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Chapter 2

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Department
Mathematics and Statistics
Course
MATH 1013
Professor
All Professors
Semester
Spring

Description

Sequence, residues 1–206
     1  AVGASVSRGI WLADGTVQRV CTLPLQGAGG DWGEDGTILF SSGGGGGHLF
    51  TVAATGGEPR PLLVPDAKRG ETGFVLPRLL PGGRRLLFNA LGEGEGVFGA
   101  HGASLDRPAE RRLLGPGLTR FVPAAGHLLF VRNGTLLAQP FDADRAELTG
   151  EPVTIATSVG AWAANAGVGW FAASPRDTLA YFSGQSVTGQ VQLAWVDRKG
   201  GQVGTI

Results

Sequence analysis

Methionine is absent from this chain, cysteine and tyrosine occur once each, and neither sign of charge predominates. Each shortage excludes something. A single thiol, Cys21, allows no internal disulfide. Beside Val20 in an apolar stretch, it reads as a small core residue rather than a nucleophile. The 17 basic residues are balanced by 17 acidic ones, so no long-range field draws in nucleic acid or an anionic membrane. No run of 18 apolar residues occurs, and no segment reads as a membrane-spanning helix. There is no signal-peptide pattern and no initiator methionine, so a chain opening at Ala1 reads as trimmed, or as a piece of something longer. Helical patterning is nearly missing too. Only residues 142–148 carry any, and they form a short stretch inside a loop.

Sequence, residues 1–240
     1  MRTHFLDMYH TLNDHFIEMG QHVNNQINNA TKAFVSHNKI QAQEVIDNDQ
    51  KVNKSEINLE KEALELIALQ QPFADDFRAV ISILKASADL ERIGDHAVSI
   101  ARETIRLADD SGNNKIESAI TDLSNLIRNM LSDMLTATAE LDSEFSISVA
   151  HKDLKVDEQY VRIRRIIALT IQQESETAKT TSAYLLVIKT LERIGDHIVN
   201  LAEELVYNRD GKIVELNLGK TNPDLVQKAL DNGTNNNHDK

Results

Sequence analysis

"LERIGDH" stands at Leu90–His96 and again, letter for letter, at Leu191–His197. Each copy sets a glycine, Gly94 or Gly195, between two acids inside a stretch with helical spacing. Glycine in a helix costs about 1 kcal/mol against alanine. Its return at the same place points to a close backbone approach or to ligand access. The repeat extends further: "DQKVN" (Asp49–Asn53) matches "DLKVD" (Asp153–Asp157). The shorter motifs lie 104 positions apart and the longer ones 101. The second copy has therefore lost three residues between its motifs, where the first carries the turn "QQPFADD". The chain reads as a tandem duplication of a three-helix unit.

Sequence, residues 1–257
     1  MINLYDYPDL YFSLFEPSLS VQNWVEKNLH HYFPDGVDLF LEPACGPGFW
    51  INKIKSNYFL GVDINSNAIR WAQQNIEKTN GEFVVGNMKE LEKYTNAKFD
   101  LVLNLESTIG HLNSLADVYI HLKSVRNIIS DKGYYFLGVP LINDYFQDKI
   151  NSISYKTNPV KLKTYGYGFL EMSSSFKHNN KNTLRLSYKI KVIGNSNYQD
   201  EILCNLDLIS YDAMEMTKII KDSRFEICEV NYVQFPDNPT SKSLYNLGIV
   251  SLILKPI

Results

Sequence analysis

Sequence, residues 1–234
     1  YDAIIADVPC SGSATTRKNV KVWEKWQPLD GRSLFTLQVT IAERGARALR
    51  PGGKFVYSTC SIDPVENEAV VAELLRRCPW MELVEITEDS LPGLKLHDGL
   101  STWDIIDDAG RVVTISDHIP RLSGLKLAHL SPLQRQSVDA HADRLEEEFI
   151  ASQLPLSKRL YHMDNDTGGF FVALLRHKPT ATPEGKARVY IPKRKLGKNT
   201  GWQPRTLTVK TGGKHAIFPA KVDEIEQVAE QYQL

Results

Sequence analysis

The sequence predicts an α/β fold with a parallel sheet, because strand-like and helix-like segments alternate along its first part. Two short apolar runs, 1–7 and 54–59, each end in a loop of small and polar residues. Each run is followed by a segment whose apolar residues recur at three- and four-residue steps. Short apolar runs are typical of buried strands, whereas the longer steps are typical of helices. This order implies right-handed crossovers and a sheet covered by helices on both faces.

Chapter 2: Binary Values and Number Systems 2.1 Numbers and Computing • Number a unit of an abstract mathematical systems subject to the laws of arithmetic • Natural Number the number 0 and any number found by repeatedly adding 1 to 0 • Integer any natural or negative number (whole numbers; no decimals) • Rational Number an integer or quotient of two integers 2.2 Positional Notation • Base the foundational value of a number system, which dictates the number of digits and the value of digit positions (decimal system uses base 10) • Positional notation a system of expressing numbers in which the digits are arranged in succession, the position of each digit has a place value, and the number is equal to the sum of the products of each digit by its place value • Binary, octal and hexadecimal o Binary uses base 2, octal base 8, hexadecimal base 16 o To represent values greater than 9, we use letters (A-F) o Numbers in a system can never be greater than the base number  Eg. Octal uses 0-7, never anything higher o To convert other bases to base 10, use methods discussed in class o 0 in the rightmost position and 1 in the second position represents the value of the base itself (i.e 10 in octal is 8 in decimal, 10 in binary is 2 in decimal) • Arithmetic in other bases o Refer to class notes CSE_B_arithmetic • Power of 2 number systems o Refer to class notes CSE_B_arithmetic • Converting from base 10 to other bases o Refer to class notes CSE_B_arithmetic o Divide the decimal number by the new base, make the remainder the next digit in the answer, replace the decimal number with the quotient • Binary values and computers o Computers today are binary machines o They can only use low voltage signals or high voltage signals (0 and 1 respectively) o Each storage location must contain either 0 or 1 o each storage unit is called a binary digit or a bit o 8 bits create a byte, bytes created words when grouped together o Number of bits in a word is the word length of the computer (32 or 64 bit) Chapter 3: Data Representation 3.1 Data and Computers • Data basic values or facts • Information data that has been organized or processed in a useful manner • Computers are now multimedia devices o They deal with different data such as numbers, text, audio, images, video • All data on a computer is represented in binary as 0s and 1s • Data compression reducing the amount of space needed to store a piece of data • Bandwidth the number of bits or bytes that can be transmitted from one place to another in a fixed amount of time • Compression ratio the size of the compressed data divided by the size of the uncompressed data (closer the number is to 0, the tighter the compression) • Lossless compression a data compression technique in which there is no loss of information • Lossy compression a data compression technique in which there is loss of information • Analog and Digital Data o Computers are finite devices; they only have so much room to store and manipulate a certain amount of data o Analog dataa continuous representation of data, analogous to the actual information it represents (ie a thermometer) o Digital data a discrete representation of data, breaking the information up into separate elements o Analog data is directly proportional to the continuous, infinite world around us, therefore computers cannot work well with analog data o Digitize the act of breaking information down into discrete pieces o The discrete elements are then individually represented using binary digits o The reason to use binary systems as opposed to other number systems (ie decimal) is because devices that store and manage binary data are less expensive and more reliable if they only have to represent one of two possible values o An analog signal continually fluctuates up and down in voltage. But a digital signal has only a high or low state, corresponding to the two binary digits. o All electronic signals (both analog and digital) degrade as they move down a line. That is, the voltage of the signal fluctuates due to environmental effects. o Analog signals lose information when they degrade o Digital signals have a threshold where values above the threshold are considered high voltage and values below are low voltage o Periodically, digital signals are reclocked to regain its original shape, preventing loss of data • Binary representation o n bits can represented 2 things because 2 combinations of 0 and 1 can be made from n bits o ex. 4 bits represents 16 things, 5 bits 32 o 2 bits represent 4 things ex. 00 01 10 11 3.2 Representing Numerical Data Representing negative values • Signed-magnitude representation o Number representation in which the sign represents the ordering of the number (negative or positive) and the value represents the magnitude o Uses the number line; positive is to the right of 0 and negative is to the left o This creates a problem when using 0 (plus 0 or minus 0)  We don’t consider negative 0, only positive 0  The two representations of 0 can cause unnecessary complexity with computers, therefore they use other representations of numbers • Fixed-sized numbers (or complementary/tens complement) in prof notes) o If we allow a fixed number of values, we can represent numbers as integer values where half represent positive an half represent negative o The sign is determined by the magnitude of the number  Ex.0 to 49 are positive, 50 to 99 are negative (-50 to -1) o
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